*Rüdesheimer Kaffee is an alcoholic coffee drink from Rüdesheim am Rhein in Germany invented in 1957 by the German television chef, Hans Karl Adam. It is a popular drink in coffee houses. Asbach Uralt brandy and sugar cubes are added to a cup
If you move away from the river in a south-easterly direction you will arrive at the market town of Michelstadt, it’s off the beaten track, you can practice your German here as English is rarely spoken. The focal point of the town is the 15th-century town hall set amid the cobbled main square. The ideal location for one of my favourite pastimes, sorry that should be two, drinking and people watching.
Do explore the medieval back streets, here you will find the 14th-century Thieves Tower, some poor devils spent months on end banged up in here without any justice as the court was only in session every 4 months, the conditions were atrocious and many died never to see inside the courtroom.
People watching and drinking makes you a bit peckish, or is it just me? Zum Grünen Baum is the oldest restaurant in town, it has been in the same family for over 300 years, they certainly know how to cook local specialities, try the wild boar casserole, delicious and hearty.
Erbach, in the Odenwald is an undulating wooded moorland sandstone area approximately 50 miles by 25, famous for its ivory carving, the Earl of Erbach discovered the art of ivory carving on his European travels, and decided this would be an ideal trade for his village, so he established a training school, that still operates today.
Although not on the scale seen in the 19th century as the ban on ivory and tastes have changed, in fact the whole enterprise almost collapsed, but with the discovery of Siberian mammoth tusks preserved in permafrost and the use of the large ivory palm nut as an alternative the craft is still practised. Erbach Castle was first built in the 12th and remodelled in the 17th century and is now a museum also worth a visit is the German Ivory Museum, where you'll see some of the most beautiful ivory artwork that the town is famous for.
Amorbach still in Odenwald but also part of Bavaria, on the outskirts at Amorsbrunn is a 16th century gothic chapel and place of mediaeval pilgrimage, believers would travel here to anoint themselves in the stream that flows under the chapel believing it to be holy water. On a grander scale nearby is the imposing Amorbach Abbey and Monastery a building centuries in the making, having had many additions to the 8th-century original building. It has been in the hands of the Princes of Leiningen since the dissolution of the monasteries in the early 19th century, it boasts superb frescos and Rococo designs with cherubs scrolling and gilt painted plasterwork throughout which for some unknown reason reminded me of Posh and Becks, it must be their purple thrones,it also has an impressive Stumm organ at one time believed to be the biggest in the world. The building has been fortunate enough to have been fully restored in 2015.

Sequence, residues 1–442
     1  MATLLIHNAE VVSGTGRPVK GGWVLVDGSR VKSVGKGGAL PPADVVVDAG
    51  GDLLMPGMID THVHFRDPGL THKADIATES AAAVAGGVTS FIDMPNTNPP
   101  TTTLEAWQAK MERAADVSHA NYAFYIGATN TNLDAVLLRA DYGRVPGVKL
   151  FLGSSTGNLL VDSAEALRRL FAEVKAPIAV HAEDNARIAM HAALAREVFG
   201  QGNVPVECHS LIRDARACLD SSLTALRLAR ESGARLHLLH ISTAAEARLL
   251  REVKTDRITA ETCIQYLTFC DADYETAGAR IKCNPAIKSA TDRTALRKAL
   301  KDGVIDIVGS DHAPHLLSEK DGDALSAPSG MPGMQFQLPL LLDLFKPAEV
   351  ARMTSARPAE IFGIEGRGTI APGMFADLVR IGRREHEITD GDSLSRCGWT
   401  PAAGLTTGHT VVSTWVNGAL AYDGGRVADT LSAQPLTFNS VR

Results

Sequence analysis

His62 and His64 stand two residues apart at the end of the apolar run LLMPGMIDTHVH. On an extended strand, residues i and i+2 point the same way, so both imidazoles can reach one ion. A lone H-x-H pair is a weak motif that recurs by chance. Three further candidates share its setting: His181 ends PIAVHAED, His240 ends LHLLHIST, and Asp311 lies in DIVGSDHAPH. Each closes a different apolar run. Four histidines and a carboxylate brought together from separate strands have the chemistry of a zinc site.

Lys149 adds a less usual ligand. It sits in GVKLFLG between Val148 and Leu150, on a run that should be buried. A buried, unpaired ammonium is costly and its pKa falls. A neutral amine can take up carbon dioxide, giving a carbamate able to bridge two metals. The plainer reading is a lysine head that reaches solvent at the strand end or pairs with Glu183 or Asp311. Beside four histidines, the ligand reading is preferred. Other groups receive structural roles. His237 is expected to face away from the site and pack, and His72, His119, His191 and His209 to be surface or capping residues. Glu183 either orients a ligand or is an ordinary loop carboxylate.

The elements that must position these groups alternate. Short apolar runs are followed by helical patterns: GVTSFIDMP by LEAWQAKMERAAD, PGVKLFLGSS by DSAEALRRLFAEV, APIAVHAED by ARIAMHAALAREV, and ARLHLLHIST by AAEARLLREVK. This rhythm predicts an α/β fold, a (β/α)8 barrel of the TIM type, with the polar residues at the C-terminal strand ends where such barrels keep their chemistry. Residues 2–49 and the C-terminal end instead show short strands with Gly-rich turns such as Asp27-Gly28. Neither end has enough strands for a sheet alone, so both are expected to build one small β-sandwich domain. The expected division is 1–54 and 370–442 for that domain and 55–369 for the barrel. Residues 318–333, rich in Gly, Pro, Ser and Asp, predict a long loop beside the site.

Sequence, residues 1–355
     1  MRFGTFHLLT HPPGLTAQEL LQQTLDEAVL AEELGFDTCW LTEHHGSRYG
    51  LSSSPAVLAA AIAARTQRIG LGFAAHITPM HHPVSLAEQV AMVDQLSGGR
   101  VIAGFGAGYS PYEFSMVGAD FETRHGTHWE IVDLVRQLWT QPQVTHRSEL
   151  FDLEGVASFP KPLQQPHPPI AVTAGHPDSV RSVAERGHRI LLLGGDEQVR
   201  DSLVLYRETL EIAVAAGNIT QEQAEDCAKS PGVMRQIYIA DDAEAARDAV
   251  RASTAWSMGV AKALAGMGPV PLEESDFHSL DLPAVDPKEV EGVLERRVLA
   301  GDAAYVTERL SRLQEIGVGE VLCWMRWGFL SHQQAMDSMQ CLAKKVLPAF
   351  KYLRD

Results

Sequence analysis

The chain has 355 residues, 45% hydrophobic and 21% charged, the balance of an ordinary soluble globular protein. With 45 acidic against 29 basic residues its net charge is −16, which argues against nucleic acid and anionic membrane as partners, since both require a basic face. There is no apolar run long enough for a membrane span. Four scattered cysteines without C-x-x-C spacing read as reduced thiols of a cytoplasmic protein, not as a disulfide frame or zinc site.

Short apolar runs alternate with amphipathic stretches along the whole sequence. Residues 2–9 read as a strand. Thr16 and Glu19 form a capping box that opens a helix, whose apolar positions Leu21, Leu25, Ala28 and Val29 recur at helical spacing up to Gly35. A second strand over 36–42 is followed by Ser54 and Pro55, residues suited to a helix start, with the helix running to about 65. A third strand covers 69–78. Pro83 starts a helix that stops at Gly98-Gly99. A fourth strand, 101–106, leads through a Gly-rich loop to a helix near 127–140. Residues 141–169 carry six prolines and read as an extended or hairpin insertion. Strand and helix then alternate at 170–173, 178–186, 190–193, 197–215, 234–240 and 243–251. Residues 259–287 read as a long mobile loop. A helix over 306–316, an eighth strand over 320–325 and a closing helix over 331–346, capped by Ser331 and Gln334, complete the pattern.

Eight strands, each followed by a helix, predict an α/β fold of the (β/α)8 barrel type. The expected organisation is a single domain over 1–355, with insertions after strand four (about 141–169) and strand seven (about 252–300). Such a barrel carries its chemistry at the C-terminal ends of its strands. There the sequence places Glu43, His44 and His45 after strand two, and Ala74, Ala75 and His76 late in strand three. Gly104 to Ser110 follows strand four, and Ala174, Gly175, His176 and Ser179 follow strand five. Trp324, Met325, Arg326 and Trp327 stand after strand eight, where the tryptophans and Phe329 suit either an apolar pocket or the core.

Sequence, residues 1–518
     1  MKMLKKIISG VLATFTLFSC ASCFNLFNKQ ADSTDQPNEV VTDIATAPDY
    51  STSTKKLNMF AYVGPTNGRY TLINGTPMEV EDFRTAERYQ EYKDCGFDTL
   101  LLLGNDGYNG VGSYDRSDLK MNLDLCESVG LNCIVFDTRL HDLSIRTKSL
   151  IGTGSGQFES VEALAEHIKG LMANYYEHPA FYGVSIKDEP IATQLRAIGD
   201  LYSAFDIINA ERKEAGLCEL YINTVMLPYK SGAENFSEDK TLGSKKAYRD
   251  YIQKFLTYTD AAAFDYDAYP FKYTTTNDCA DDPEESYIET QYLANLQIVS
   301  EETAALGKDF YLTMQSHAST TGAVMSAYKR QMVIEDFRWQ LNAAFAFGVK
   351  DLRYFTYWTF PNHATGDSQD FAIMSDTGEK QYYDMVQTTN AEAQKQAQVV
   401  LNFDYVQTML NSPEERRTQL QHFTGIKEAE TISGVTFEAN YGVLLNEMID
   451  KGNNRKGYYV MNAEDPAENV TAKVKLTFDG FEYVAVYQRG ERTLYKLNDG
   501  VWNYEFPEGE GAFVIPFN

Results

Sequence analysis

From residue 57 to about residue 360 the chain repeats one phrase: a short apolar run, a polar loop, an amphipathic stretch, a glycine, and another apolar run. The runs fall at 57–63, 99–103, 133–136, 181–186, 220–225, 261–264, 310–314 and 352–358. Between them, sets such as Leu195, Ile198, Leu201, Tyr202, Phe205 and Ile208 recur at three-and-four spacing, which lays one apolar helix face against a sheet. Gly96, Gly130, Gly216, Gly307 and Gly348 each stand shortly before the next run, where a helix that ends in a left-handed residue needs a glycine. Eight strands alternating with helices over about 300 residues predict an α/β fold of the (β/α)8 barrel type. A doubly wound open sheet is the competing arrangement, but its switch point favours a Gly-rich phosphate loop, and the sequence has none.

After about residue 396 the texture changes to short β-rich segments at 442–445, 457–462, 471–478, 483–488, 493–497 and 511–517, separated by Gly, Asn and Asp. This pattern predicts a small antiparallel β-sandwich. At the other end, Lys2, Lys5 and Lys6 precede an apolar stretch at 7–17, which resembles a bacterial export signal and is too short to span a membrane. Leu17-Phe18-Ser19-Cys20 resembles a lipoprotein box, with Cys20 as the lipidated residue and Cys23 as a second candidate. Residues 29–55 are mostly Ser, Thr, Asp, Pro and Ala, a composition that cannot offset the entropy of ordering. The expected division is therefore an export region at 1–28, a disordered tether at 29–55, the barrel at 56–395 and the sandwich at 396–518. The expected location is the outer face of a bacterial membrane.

Aschaffenburg the "Bavarian Cote d’Azur”.
Aschaffenburg combines the region of Frankfurt- Rhine-Main with the Spessart national park. The city is jam-packed with historical monuments that deserve your attention, starting with the Johannisburg Castle which has had its ups and downs, built from local buntsandstein sandstone with its natural red hue makes it seem to glow, something that will make you glow are the fabulous Franconian wines that are accessible in the castle’s wine cellars.
History tells us that the Germans and Romans were not the best of friends, with many battles fought in the area that is now known as modern Germany, despite this, Pompejanum is a replica of a Roman villa originating from Pompeii, commissioned by King Ludwig 1 in the first half of the 19th century it was a vantage point from where he could sit and view the River Main and fantastic surrounding scenery.
At the centre of the abbey of St Peter and Alexander is the Basilica church, historically a symbol of power for the archbishops of Mainz. It houses many treasures but perhaps the most unusual one is found in the archives of the Basilica, a manuscript which narrates the history of the city written by a bell ringer who in his lifetime was committed to ensuring the city’s history was documented.
I had the pleasure of staying in some very nice hotels during my stay, I particularly enjoyed the Jumeirah Frankfurt, it has a lot in common with the luxury hotels you find in Dubai not surprising really as the operators of the hotel are part of the Jumeirah chain out of Dubai.
The hotel has 25 floors with 218 rooms, it exudes luxury, the décor striking, lots of crystal sculptures and modern art, stunning views over the city a fabulous pool and exemplary service.
I couldn’t wait to get to my room as there were a plethora of gadgets to have a play with, a Bose sound system, flat screen LED television, under floor heating and I don’t remember how many times I opened and closed the automated blinds whilst lying on my bed.
The hotel has a choice of restaurants and I would have liked to try them all if I could have afforded a longer stay I did dine at Max on One managed by Executive Chef Martin Steiner formerly of the Savoy in London, delicious! Ich komme wieder ( I will return)
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